After all what's the point in using alerts to display the error message if the biggest link that displays on the second one for all your visitors using IE9 ensures that no more alerts will display on that page regardless of the continuing errors that your script detects. With a lightbox the error messages will continue to display.

    Another alternative with form validation is to simply put the JavaScript error messages in the same spot in the page that the server side validation will put them.
    Stephen
    Learn Modern JavaScript - http://javascriptexample.net/
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    Don't forget to start your JavaScript code with "use strict"; which makes it easier to find errors in your code.

  13. #58
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    I'm not going to tell anyone they must not use alert boxes for purposes other than debugging because the bottom line is that depending on functionality it is a personal choice whether to use the default or customised alert boxes.

    I still use alerts in some circumstances, although not very often, and will continue to use them where it is a valid option for me.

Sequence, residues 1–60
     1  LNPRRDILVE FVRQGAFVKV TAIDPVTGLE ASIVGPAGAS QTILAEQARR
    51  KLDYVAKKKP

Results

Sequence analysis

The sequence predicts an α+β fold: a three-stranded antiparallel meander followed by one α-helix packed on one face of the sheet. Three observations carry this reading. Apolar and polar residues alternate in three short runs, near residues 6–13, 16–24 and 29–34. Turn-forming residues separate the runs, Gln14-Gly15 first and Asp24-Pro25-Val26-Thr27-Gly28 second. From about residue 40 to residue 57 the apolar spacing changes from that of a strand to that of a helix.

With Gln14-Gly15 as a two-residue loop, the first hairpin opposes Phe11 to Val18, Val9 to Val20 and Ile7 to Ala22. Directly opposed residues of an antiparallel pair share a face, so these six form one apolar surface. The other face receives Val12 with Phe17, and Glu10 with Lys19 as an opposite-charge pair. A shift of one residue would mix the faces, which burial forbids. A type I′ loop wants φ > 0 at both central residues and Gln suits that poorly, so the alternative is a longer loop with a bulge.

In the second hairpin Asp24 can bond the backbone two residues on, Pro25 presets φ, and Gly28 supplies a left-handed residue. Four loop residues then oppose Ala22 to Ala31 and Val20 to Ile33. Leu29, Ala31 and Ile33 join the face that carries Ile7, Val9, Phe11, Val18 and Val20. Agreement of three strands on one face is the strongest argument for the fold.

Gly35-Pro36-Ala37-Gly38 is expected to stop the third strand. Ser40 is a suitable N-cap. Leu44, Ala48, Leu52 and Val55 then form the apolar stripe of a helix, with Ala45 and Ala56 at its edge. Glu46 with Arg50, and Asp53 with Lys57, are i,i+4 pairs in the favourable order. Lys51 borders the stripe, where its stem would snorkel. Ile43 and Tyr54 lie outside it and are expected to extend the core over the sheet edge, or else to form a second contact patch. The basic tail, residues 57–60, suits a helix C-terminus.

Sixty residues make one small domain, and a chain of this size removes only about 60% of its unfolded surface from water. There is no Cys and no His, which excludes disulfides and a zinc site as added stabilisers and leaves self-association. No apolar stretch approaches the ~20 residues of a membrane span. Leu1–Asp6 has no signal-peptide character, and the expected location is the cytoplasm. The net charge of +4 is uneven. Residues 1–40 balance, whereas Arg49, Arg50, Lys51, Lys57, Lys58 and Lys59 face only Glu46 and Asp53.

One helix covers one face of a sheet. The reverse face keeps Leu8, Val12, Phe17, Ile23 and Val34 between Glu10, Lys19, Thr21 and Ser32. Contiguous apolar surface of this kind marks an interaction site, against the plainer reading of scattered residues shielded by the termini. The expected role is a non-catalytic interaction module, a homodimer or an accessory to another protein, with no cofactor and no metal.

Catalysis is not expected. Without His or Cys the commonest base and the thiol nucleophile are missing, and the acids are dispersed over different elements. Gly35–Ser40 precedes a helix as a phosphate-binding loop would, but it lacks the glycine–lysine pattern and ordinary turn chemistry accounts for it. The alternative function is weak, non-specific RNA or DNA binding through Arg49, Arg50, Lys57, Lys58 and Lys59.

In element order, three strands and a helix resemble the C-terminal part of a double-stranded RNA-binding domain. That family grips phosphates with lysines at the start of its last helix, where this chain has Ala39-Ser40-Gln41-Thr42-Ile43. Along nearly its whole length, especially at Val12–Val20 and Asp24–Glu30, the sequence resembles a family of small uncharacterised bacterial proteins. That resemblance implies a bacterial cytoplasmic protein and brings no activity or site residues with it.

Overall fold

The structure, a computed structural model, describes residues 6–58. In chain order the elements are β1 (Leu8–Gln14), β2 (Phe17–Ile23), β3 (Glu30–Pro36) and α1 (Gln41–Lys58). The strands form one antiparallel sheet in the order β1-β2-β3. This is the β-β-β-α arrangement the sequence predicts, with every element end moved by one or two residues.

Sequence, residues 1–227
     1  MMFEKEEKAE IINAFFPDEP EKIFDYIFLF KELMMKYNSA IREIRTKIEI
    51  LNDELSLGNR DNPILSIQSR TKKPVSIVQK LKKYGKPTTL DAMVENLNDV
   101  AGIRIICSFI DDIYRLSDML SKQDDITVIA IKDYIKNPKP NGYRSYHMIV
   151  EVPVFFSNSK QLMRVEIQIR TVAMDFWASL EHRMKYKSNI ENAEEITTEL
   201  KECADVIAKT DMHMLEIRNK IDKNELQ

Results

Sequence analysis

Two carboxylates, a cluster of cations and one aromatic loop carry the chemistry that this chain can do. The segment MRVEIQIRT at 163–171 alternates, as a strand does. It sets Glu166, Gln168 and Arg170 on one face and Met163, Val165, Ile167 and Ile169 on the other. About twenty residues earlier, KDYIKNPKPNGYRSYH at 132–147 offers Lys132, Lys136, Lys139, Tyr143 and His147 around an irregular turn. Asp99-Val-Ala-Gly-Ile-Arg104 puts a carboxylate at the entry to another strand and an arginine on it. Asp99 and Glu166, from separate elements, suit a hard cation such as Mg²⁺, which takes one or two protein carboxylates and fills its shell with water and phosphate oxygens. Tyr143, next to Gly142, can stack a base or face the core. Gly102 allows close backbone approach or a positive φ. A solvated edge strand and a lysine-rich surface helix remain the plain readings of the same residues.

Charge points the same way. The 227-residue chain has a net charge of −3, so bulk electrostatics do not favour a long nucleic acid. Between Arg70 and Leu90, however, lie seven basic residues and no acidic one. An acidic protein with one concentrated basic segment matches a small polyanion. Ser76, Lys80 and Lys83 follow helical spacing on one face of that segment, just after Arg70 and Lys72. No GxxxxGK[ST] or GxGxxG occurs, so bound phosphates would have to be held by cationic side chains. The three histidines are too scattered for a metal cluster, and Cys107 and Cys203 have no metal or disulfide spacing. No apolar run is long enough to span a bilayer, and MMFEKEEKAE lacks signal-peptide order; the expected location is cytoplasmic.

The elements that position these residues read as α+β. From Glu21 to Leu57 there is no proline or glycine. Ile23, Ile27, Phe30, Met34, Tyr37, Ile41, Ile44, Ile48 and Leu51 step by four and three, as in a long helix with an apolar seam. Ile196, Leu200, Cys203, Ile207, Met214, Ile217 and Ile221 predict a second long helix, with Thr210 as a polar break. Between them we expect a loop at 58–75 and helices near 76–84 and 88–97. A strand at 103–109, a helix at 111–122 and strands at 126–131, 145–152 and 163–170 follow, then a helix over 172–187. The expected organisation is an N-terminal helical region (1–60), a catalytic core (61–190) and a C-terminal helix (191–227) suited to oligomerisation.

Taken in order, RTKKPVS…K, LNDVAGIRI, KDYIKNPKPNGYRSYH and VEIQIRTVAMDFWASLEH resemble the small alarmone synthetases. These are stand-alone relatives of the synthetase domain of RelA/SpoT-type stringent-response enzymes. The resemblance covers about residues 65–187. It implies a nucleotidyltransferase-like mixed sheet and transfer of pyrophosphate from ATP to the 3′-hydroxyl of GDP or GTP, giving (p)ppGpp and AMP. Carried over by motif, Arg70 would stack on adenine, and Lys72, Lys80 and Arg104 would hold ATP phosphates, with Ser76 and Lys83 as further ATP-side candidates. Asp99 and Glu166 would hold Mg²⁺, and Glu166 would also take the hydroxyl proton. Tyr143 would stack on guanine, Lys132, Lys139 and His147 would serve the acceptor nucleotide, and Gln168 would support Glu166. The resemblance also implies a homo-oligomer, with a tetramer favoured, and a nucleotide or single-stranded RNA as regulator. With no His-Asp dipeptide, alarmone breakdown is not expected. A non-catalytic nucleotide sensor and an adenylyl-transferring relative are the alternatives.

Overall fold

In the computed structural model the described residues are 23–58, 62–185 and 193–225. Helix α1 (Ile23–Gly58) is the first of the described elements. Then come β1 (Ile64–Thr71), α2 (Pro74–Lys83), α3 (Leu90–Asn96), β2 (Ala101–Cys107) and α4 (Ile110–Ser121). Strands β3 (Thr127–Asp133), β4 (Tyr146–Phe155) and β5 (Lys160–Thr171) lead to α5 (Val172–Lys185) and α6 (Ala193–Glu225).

14. #59
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    Quote Originally Posted by webdev1958 View Post
    I'm not going to tell anyone they must not use alert boxes for purposes other than debugging because the bottom line is that depending on functionality it is a personal choice whether to use the default or customised alert boxes.
    The debugging options in alert etc in Opera and IE9 can't be turned off.

    If you display an alert in Opera it contains the option to turn off JavaScript completely for the current page. If you display a second alert in IE9 it contains the option to turn off all future alerts for that page. The same applies to confirm and prompt.

    Why would you want to display a message that asks your visitors to turn off your script?
    Stephen
    Learn Modern JavaScript - http://javascriptexample.net/
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    Don't forget to start your JavaScript code with "use strict"; which makes it easier to find errors in your code.

  15. #60
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    Quote Originally Posted by felgall View Post
    Why would you want to display a message that asks your visitors to turn off your script?
    Are you asking me in particular or everyone?

    If you're asking me in particular then I'n not going to waste time answering questions from you when you have on each occasion in the past when I have asked you to post evidence to support the "legal advicë" you posted, you have run away.

    If you want me to take you seriously then show some courage for a change and answer my questions I first asked you and then I will return the courtesy and answer your questions. If you're not prepared to answer my questions then stop wasting my time by asking me questions

    You can't have it both ways by expecting me to answer your questions when you first run away from answering mine.
    Last edited by webdev1958; 03-05-2012 at 06:35 AM.